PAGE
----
Duke plans 145-acre solar farm at Crane base

 Duke Energy Corp. plans to build a solar energy farm covering 145 acres at southwestern Indiana's Crane Naval Surface Warfare Center.

The project's plans call for 76,000 solar panels, with groundbreaking set for this spring so that power generation can start by the end of 2016, The Herald-Times of Bloomington reported.

The company is seeking approvals from the Indiana Utility Regulatory Commission. If granted, Duke Energy would own and operate the facility on land leased from the Navy. Energy generated by the facility would be available to Indiana customers and to the Crane base in a rural area southwest of Bloomington.

The facility would be Duke Energy's second solar energy project with the Navy. A solar facility was announced at Camp Lejeune in North Carolina in 2015 and is now operating. The Crane facility would be larger at 17 megawatts.

Crane commanding officer Cmdr. Timothy Craddock said that the Crane project exhibits the Navy's commitment to renewable energy.

"Likewise, it helps solidify Crane's longevity as a community partner, providing local and regional energy security through diversified energy sources," Craddock said.

Construction of the facility would take out the front nine holes of the base's Eagle View Golf Course. Base spokesman Jeff Nagan said the loss of the front nine is unfortunate and some golfers are upset, but that the course will stay open.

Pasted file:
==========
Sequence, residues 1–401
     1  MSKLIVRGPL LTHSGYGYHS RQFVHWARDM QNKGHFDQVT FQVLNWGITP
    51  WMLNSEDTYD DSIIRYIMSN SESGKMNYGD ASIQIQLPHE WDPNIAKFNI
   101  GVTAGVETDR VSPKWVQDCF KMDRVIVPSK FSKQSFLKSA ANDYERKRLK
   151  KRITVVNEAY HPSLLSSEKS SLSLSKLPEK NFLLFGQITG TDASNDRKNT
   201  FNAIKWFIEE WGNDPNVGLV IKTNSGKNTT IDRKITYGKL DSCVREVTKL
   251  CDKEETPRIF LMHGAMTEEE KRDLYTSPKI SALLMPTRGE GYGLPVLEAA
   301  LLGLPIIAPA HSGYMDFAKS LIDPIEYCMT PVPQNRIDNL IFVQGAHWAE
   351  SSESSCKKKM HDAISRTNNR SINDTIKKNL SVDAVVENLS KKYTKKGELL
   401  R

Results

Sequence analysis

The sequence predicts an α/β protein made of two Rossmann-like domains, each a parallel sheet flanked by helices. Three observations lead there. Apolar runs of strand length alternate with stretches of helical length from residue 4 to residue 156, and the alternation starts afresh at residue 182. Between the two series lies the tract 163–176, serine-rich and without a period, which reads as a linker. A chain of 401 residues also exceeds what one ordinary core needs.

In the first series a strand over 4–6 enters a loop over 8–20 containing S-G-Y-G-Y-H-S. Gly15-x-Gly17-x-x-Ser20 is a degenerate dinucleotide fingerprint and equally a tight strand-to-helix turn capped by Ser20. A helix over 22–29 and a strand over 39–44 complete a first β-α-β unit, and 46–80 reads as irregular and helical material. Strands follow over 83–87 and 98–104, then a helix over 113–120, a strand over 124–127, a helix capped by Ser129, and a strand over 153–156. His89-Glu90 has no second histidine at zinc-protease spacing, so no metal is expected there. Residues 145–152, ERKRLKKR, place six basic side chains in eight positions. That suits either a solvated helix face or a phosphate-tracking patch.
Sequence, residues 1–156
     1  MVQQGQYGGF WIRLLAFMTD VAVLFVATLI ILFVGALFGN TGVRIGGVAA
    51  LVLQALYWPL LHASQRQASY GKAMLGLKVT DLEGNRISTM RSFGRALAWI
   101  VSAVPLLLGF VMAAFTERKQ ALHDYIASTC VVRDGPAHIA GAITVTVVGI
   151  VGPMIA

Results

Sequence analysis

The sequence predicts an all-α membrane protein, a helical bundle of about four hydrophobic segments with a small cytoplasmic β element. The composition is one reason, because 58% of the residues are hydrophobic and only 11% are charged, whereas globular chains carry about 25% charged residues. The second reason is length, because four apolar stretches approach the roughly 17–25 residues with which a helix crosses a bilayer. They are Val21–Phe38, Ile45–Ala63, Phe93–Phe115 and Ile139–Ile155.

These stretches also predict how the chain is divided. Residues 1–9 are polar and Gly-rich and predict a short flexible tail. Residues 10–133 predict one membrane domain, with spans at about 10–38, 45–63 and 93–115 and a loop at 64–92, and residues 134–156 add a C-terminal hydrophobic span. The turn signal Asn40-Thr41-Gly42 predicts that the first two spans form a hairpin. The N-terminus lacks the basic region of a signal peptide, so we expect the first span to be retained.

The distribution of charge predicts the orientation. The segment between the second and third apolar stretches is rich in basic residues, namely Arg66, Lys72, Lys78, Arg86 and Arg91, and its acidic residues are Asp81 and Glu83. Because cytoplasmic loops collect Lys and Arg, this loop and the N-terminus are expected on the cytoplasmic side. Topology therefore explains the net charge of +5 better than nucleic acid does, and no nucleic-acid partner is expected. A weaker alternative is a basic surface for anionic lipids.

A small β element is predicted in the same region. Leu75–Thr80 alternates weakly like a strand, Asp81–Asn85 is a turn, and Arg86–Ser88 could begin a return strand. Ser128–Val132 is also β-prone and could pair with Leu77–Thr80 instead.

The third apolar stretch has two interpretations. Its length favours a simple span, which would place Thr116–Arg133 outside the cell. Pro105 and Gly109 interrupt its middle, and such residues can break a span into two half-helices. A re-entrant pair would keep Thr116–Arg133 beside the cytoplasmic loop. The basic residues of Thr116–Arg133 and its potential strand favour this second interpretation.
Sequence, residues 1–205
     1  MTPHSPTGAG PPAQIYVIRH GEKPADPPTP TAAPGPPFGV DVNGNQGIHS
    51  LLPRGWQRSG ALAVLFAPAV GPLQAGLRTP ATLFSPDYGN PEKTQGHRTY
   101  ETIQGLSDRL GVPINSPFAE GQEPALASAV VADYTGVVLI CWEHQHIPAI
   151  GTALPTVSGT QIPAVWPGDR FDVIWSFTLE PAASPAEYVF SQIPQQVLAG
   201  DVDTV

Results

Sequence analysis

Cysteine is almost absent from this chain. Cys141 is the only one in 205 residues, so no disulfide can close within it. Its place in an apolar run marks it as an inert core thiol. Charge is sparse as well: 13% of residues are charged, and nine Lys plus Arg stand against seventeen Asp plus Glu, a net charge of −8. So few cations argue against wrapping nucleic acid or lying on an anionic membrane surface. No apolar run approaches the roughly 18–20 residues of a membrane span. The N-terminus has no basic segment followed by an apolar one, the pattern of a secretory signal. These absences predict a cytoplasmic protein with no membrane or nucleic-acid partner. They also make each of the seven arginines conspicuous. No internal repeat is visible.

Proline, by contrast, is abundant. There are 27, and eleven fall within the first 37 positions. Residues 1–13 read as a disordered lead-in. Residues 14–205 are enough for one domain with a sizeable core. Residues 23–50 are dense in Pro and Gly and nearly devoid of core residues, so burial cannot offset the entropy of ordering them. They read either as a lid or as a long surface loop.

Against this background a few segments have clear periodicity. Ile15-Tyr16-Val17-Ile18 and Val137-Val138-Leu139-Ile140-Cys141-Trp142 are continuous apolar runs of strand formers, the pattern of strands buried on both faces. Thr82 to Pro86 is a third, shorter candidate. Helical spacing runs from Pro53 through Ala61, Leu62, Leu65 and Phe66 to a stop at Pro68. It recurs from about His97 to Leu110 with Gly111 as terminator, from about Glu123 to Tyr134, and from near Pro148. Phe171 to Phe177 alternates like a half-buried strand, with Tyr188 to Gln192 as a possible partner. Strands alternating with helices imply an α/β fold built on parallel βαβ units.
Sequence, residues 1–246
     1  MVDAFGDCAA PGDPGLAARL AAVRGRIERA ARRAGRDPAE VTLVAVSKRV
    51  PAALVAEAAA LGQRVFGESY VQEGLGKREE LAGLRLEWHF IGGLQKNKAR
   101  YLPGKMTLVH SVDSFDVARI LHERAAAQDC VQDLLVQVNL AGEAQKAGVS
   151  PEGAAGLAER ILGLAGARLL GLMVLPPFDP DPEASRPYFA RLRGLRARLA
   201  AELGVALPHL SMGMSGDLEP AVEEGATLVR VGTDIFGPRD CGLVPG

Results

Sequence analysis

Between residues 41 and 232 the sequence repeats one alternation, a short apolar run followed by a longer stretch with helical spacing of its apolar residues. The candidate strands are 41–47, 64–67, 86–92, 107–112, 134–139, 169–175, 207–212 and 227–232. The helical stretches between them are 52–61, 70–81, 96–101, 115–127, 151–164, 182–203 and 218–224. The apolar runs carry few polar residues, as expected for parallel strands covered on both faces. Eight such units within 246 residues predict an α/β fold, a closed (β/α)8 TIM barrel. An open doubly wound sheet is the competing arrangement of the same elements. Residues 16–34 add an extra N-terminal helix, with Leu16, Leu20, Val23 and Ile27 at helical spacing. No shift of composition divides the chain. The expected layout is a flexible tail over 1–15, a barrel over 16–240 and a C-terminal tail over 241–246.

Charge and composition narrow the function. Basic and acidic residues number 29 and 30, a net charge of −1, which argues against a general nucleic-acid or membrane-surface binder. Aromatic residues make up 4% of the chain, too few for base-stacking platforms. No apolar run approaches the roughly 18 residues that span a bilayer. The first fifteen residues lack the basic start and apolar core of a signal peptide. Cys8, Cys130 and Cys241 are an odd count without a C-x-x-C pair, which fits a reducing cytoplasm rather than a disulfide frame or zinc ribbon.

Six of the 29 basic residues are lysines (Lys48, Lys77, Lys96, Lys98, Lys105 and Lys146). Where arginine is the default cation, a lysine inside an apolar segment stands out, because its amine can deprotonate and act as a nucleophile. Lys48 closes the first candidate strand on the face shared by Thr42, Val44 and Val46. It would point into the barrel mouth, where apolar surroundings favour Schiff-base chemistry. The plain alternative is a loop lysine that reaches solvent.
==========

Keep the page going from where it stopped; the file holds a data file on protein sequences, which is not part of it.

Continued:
"The upkeep will continue, and the golf course will remain," he said. "I think that ultimately, that land was being underutilized and is suitable for this alternative energy project."

The golf course is mostly used by employees and visiting officials.

Duke Energy says it has also signed agreements to buy solar power at four Indiana locations. Two of those facilities in Vigo and Clay counties are now in service, and the two others are expected to be in service early this year, the company said.

The Charlotte, North Carolina-based company is Indiana's largest electric utility with some 810,000 customers across the state.

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